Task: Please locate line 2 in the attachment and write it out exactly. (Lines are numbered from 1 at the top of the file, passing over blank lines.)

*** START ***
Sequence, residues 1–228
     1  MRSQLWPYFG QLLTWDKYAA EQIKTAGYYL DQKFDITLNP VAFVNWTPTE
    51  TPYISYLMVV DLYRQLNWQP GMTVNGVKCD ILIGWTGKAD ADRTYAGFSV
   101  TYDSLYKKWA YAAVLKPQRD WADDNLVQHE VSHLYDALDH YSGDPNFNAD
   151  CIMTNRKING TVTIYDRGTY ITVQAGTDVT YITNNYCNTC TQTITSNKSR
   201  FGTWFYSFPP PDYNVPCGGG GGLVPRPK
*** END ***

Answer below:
     1  MRSQLWPYFG QLLTWDKYAA EQIKTAGYYL DQKFDITLNP VAFVNWTPTE